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Traveler Editor in Chief Keith Bellows, and Suzanne Roberts, winner of the "Next Great Travel Writer" essay contest, are currently exploring Mongolia. Today, Suzanne takes a moment to suss out the intricacies of the Mongolian dating scene.

Yesterday, Keith and I came across Andy, a twenty-something redheaded American expat from Iowa who teaches English to wealthy Mongolians at the small school around the corner from the university.

He claims to like living in Mongolia except for the "brutal winters" (he says he saw his breath from September to May—the average temperature in January ranges from a high of four to a low of -16 degrees Fahrenheit). Also, Andy says that when he takes a Mongolian lady out for a date, the Mongolian men become angry because they believe that "foreigners are trying to steal their women."

After speaking with Andy, I became interested in the Mongolian dating scene, and I asked our guide Oyunaa, a beautiful young Mongolian woman (one of whom, I am sure, Andy would be happy to “steal”), about it.

Oyunaa says that a couple will date for about six months and then the father of the man will go to the family of the woman to ask for her hand.

In the countryside, the tradition is stronger, complete with the theatrics of the family’s refusal and the staged “kidnapping” of the bride. Over dinner at the posh Winter Palace, I ask Oyunaa about Mongolians marrying foreigners. She says, “That’s okay," but adds, “just not Chinese."

I ask her what will happen if she married a Chinese man, and she responds by laughing at such an impossibility and then says, “My father will kill me." To see if this is the case with other young women, I ask Nomingerel, the travel agent working in my hotel, the same questions and get roughly the same answers, so when I press and ask, "But what if you fell in love with a Chinese man and married him. What then?”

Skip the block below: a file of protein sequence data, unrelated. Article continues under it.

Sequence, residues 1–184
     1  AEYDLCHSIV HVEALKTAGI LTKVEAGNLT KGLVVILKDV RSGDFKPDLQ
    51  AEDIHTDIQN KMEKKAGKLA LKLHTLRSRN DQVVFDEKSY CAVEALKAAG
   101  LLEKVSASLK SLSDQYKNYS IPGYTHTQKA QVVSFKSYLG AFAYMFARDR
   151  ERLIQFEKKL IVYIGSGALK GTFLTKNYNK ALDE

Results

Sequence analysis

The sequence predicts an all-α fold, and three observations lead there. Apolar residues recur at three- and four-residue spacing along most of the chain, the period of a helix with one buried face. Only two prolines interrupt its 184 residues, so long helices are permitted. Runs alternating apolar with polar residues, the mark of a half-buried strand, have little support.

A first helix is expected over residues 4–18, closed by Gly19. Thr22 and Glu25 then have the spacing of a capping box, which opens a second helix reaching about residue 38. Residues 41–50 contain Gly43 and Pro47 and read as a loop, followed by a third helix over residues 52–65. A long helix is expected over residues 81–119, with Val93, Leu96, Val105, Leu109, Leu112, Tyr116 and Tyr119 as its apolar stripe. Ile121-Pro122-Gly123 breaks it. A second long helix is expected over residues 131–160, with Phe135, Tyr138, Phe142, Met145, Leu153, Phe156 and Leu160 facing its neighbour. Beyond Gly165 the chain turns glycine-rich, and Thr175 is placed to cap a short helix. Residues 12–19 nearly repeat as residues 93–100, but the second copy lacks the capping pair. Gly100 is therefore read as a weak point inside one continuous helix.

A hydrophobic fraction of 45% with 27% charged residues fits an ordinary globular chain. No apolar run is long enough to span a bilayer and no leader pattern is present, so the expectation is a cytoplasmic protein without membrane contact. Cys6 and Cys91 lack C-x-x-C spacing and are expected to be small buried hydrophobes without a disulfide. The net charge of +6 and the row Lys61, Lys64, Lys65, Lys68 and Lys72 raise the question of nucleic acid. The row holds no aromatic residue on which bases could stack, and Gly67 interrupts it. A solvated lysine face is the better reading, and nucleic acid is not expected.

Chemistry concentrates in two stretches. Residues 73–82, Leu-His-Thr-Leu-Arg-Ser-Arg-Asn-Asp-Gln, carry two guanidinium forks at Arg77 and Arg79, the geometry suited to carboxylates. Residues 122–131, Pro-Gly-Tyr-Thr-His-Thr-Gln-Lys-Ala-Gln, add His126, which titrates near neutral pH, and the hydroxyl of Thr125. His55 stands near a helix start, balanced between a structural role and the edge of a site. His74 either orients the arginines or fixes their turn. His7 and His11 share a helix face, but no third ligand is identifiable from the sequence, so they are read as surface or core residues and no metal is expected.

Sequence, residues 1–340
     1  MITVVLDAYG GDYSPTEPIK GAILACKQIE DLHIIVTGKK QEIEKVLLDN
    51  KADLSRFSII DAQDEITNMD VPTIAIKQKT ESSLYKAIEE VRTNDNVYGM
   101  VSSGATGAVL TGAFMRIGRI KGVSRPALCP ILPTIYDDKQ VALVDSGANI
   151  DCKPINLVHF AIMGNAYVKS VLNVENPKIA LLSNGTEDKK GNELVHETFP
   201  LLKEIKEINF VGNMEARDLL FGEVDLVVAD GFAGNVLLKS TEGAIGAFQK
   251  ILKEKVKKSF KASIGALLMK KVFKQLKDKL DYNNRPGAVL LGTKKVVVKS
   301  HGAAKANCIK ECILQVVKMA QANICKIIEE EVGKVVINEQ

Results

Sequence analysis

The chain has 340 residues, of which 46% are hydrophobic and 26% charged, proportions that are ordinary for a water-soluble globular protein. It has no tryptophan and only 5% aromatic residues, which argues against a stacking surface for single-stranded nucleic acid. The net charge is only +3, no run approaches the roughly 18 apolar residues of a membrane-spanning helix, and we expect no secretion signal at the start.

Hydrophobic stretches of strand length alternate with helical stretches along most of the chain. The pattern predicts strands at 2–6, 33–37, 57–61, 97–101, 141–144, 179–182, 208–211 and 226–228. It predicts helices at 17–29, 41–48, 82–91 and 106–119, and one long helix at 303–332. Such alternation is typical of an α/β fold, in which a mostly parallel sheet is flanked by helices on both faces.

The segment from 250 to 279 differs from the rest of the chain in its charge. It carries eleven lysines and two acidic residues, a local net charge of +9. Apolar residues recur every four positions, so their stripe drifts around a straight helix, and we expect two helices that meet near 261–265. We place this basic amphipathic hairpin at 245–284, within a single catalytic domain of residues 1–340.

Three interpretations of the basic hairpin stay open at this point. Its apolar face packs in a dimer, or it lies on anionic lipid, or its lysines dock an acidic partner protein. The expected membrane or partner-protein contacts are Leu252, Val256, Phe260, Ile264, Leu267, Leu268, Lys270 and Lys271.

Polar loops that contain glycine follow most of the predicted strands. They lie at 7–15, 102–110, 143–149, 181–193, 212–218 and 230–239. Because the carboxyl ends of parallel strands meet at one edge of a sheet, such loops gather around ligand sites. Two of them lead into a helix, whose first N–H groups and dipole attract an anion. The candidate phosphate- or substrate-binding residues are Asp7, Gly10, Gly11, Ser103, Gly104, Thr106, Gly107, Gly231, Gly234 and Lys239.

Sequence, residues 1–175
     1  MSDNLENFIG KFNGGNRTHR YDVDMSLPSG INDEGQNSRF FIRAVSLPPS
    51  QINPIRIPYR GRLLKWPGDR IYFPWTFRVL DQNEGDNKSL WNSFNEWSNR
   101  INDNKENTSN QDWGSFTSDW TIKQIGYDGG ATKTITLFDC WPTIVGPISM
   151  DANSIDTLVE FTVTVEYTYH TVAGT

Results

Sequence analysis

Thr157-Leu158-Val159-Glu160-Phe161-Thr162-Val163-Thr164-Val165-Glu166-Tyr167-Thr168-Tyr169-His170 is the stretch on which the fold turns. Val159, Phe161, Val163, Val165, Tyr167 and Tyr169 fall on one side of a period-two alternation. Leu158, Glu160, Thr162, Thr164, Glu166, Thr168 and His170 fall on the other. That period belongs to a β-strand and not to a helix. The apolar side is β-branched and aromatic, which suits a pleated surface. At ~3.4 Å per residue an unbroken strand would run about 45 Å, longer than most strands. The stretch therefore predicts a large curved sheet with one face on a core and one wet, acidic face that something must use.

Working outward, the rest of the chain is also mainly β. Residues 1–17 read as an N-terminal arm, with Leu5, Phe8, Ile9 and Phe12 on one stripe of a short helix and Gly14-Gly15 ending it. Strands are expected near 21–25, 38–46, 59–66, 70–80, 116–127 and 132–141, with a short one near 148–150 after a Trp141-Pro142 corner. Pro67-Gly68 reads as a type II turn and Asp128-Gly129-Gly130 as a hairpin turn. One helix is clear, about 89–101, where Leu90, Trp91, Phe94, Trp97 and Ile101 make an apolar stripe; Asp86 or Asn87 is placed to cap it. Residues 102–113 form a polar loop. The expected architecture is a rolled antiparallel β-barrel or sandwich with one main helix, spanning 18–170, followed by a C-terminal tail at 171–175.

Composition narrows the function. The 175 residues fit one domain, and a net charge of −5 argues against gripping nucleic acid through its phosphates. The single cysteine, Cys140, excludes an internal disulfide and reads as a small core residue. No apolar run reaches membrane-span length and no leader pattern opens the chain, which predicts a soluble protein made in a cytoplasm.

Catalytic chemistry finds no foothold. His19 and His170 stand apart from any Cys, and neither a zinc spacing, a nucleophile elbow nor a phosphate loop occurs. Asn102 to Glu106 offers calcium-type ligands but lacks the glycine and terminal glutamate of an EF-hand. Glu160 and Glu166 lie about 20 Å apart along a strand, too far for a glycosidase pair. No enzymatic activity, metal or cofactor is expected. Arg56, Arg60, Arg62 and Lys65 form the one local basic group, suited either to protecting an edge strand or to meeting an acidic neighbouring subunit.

With a deadpan face, Nomingerel answers, “Then I kill myself." Interestingly, the Mongolians have forgiven the Russians for the Stalin-era purges led by the communist Mongolian government–purges that destroyed more than 700 monasteries and killed tens of thousands of monks–but they haven’t forgiven the Chinese for colonization. According to Nomingerel, "The Russians are our brothers."

"And if you marry a Russian?” I ask.
“That’s okay."
“Korean?”
"Many girls do–for the money."
“Japanese?”
"No problem."
"And American?”
"Yes, that’s okay, too."

As it turns out, the young Mongolian men might not like an expat like Andy dating the women, but the fathers of Mongolia are fine with it. The Mongolians, in general, seem to like Americans, especially the music. Yesterday, we listened to the American hits of the 80’s over Mongolian BBQ (I have eaten more red meat here in three days than I have in the last ten years—no exaggeration). And as I write this, Madonna is singing “Beautiful Stranger” over the radio. Apparently, President Bush visited Mongolia in 2005 and called the U.S. their “third neighbor’ after China and Russia, though I can’t figure that one out, perhaps via Alaska? At any rate, the “third neighbor” business went over exceedingly well. Personally, I have found our “third neighbors” here in Ulaanbaatar warm and welcoming, and I look forward to exploring the other "face of Mongolia,” the nomadic culture of the countryside.

Read More from this series: Arriving in Beijing, Day Two in Beijing, The Real Mongolia

Photo: A beautiful young woman in an advertisement for a Mongolian clothing company, by Suzanne Roberts

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http://intelligenttravel.nationalgeographic.com/2008/07/14/next_great_travel_writer_datin/